• 12:57 Joshua

    And sometimes it's the unexpected things that really make you stand out. I received a resume not that long ago that something in there really stood out for me. Basically had one of the little LinkedIn recommendation things at the bottom that was, I was, again, somebody who was fairly entry level, didn't have a lot of work history, but had this stunning review from a previous client saying, you know, they did this really great work for me. It was really complex stuff. Kind of gave me a little bit of detail about what they had done and how they made it a little bit more elegant for this person. Made it easy for them to take on a technical task that was difficult... And it was all right there for me. I didn't have to go to LinkedIn and try to find them. I didn't have to go call up other people and find these things. It was all right there on one page, their work history, some of their personal projects, some of the stuff that they had done in the past and this nice glowing recommendation. I had it all right there in front of me.

  • 13:48 Kel

    And that's like a, that's a very informational architectural thing is how much can you put into one piece, you know, one relatively small chunk of, uh, I guess paper... Into a small space and be able to give as much information as possible in a way that's easily consumable as possible. It's, you know, it takes time. It takes iterations, it takes multiple efforts. It's very much a user experience design and it takes some practice, but it can make you stand out quite a bit.

  • 14:18 Joshua

    Yeah. I think there were a lot of tips, but iteration is really the key to all of this. You need to figure out what your style of resume is, how to make yourself stand out and how to share the knowledge that you have, the experience you have and the things that make you a unique developer. And sometimes to do that, you've got to break some of the rules and that's fine. In fact, I would say I would rather hire a person who understands what the boundaries are, but is willing to break the rules up to that point. Then somebody who will always play it completely safe. That might just be me and there will probably be some people who don't like rulebreakers at all and that's fine, but if you're a rule breaker... and you know you are, you don't want to be hired by somebody who doesn't like rule breakers anyway because that's not going to be good for you.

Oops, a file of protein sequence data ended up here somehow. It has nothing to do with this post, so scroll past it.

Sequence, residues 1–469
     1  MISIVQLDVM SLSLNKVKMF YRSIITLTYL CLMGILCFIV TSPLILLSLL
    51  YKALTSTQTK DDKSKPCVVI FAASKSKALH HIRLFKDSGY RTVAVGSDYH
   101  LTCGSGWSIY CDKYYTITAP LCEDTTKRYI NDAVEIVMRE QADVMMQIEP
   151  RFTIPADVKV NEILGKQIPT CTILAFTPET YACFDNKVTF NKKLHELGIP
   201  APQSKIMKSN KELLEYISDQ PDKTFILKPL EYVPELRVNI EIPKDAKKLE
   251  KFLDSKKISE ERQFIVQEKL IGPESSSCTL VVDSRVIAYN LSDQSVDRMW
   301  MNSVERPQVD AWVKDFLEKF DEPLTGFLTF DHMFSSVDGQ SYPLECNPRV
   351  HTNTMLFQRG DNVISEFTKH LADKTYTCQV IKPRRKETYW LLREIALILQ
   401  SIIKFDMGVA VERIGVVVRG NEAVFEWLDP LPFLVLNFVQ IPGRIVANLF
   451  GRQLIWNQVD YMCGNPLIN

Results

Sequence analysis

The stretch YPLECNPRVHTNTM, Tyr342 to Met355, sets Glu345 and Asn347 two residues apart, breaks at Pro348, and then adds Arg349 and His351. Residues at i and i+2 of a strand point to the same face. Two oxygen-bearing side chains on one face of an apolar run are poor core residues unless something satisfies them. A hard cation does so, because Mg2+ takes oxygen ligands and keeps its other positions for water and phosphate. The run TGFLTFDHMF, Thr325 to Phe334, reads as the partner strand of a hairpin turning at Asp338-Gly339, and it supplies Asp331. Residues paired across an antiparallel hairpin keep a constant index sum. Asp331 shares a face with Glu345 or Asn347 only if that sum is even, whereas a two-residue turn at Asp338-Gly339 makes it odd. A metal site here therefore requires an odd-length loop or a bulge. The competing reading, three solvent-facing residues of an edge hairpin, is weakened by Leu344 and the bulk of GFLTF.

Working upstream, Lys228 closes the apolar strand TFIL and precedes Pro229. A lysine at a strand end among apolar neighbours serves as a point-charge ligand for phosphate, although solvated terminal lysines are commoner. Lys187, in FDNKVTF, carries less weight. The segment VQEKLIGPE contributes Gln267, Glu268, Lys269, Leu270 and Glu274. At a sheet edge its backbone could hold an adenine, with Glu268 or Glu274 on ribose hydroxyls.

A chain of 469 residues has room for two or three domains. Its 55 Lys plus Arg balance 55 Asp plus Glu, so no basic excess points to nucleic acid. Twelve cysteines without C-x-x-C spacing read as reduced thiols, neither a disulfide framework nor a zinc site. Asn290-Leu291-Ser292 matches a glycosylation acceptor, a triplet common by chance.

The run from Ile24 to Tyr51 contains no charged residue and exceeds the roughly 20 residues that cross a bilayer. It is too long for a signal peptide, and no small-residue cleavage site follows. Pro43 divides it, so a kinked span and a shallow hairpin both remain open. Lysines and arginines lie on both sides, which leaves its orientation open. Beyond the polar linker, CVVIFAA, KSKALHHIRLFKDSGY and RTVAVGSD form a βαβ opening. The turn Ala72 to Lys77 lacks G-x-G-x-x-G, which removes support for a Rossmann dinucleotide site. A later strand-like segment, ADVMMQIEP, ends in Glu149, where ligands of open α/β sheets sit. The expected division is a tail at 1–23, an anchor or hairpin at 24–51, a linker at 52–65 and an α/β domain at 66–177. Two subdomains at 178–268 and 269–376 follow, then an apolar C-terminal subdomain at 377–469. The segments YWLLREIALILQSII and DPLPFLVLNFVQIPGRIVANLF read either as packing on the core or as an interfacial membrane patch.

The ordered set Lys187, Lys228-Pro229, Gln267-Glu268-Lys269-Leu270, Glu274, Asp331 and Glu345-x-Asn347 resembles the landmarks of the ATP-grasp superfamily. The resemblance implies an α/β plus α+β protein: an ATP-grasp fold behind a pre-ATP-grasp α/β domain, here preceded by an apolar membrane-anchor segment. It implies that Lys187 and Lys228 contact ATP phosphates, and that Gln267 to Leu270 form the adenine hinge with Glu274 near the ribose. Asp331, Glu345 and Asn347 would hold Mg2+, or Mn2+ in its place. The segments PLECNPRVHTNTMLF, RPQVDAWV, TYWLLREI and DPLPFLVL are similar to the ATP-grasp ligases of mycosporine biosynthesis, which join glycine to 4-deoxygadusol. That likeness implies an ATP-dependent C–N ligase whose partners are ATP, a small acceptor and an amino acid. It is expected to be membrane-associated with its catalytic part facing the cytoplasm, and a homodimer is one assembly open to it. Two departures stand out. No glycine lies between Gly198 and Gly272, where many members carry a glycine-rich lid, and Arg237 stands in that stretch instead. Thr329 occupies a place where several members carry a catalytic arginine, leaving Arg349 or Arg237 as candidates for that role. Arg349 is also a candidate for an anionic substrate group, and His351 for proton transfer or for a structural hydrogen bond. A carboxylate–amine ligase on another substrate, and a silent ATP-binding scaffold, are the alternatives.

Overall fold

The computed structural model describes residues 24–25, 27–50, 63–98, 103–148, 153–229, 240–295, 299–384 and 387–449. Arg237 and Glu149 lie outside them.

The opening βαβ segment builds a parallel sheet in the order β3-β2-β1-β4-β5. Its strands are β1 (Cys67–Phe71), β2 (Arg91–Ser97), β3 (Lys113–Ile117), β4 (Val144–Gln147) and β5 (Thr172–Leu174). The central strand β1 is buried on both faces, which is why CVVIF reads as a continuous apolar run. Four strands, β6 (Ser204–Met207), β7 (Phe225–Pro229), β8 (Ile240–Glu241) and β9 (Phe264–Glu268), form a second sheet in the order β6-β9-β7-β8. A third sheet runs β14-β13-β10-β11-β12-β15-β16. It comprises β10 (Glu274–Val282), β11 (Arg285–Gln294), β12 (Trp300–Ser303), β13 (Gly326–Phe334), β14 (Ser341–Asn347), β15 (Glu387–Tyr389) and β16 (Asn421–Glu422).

• 15:03 Joshua

    It's not going to be good for them and it's just, it's not a good match and that's what you're really looking for here. You are first off looking to get paid. I understand that I've been there too. In fact, I'm always still there as well. Everybody is. Most of the time you're trying to find something that will pay you and isn't going to be soul sucking and destroy you at the same time and by customizing your resume, making it you and possibly weeding out some of those people who are going to employ you, that wouldn't actually be a good fit for you. Is probably in your best interest. Even if it does mean it takes a little bit longer to find the right role.

  • 15:36 Kel

    Exactly.

  • 15:37 Joshua

    I think that pretty much covers it. I there's an infinite amount of things that you can do with your resume and absolutely work on it. Iterate, adjust, experiment, do some ab testing on monster.com or whatever's big at the moment in whatever country you happen to be in, but find something that works for you. Find something that gets people calling you. Find something that really highlights who you are and who you are as a developer.

  • 16:00 Joshua